Envoys from what they call the Troika, the International Monetary Fund, the European Commission and the European Central Bank, are back in Greece today and will resume combing through the country's finances to determine if Greece ought to keep receiving bailout loans. They're also expected to push for more austerity measures in exchange for those loans.
Leonard Cohen is known for distinctive, haunting and provocative songs. His music inspired one artist in the Bay Area with amounts to a vision: that there ought to be a community choir of men singing a cappella exclusively from the Leonard Cohen songbook. Lisa Morehouse spent some time with the group. They call themselves the Conspiracy of Beards.
LISA MOREHOUSE, BYLINE: The Beards, as they're known, don't all have beards, but they do stand out.
This is WEEKEND EDITION from NPR News. I'm Scott Simon. The presidential candidates are back on the campaign trail, sprinting, now that the political conventions are behind them. President Obama and Mitt Romney were both in Iowa and New Hampshire yesterday. Both of their message were affected by some bad news on the job's front as NPR's Scott Horsley reports.
This is WEEKEND EDITION from NPR News. I'm Scott Simon. Time for sports.
(SOUNDBITE OF MUSIC)
SIMON: (Singing) Ah, to remember the kind of September.... The seasons are flipping, and so Serena's poised to win again, not just today. NFL season opens in earnest, and the real Olympic spirit still lives on in London. NPR's Tom Goldman joins us.
TOM GOLDMAN, BYLINE: Seasons are flipping, I fear you are too.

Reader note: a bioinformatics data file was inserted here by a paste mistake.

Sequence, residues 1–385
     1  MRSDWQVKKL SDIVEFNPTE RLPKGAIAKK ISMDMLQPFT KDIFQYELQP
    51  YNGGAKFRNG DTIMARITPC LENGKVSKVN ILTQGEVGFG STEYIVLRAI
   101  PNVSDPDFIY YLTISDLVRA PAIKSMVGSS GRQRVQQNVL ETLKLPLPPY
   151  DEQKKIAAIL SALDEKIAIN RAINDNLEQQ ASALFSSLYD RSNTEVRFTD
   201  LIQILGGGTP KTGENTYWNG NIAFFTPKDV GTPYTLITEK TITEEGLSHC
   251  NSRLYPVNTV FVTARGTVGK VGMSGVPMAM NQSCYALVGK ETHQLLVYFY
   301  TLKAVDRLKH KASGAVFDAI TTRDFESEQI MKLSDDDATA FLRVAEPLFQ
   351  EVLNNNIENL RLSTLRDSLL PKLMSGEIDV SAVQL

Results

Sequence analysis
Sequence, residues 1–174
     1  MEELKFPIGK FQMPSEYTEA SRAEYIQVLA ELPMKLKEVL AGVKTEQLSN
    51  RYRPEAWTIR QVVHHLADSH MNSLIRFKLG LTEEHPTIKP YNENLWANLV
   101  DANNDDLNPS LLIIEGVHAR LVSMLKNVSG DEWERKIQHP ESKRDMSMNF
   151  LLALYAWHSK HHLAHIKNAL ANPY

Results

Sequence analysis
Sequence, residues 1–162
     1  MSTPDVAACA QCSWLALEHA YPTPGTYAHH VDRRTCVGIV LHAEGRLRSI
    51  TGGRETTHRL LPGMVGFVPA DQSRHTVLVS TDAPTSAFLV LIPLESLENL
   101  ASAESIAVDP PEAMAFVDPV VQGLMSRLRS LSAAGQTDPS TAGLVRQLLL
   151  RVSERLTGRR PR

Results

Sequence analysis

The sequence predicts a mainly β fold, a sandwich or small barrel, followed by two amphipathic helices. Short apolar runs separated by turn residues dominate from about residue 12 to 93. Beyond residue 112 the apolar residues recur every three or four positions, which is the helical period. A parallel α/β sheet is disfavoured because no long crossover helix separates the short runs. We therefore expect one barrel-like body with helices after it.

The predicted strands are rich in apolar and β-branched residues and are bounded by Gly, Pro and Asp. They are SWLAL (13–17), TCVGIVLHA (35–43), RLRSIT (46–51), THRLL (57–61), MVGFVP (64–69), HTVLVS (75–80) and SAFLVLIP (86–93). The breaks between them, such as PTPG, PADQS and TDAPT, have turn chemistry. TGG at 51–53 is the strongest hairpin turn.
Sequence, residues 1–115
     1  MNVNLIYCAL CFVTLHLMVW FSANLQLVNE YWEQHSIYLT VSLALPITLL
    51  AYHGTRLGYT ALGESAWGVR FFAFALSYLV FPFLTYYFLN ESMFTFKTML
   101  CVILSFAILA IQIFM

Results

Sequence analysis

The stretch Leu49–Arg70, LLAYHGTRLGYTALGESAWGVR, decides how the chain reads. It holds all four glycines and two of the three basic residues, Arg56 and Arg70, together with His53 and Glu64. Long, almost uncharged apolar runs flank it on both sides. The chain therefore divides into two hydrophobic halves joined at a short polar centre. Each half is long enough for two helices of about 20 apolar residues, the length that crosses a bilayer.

The bright lights of the political conventions dimmed. President Obama and Mitt Romney hit the campaign trail Friday. Both candidates headed for the politically critical states of Iowa and New Hampshire. We asked reporters in those both those places to find out how voters are feeling about the two questions that dominated the conventions: Are you better off now than you were four years ago? And which presidential candidate has the best plan for country? We go first to Sarah McCammon of Iowa Public Radio.
This is WEEKEND EDITION from NPR News. I'm Scott Simon. Once again, this week, European officials sat down and tried to figure out what to do about the debt crisis, and once again, they came up with a plan that they say will help heavily indebted countries, including Spain and Italy, turn a corner. Investors seemed to like the plan. Stock prices rose, but the plan still faces hurdles, including a major court ruling in Germany next week.
NPR's Jim Zarroli joins us from Berlin. Jim, thanks for being with us.
Public schools in Macon, Ga., and surrounding Bibb County have a lot of problems. Most of the 25,000 students are poor enough to qualify for free and reduced lunch, and about half don't graduate.
Bibb County's Haitian-born superintendent Romain Dallemand came into the job last year with a bag of changes he calls "The Macon Miracle." There are now longer schools days, year-round instruction, and one mandate nobody saw coming: Mandarin Chinese for every student, pre-K through 12th grade.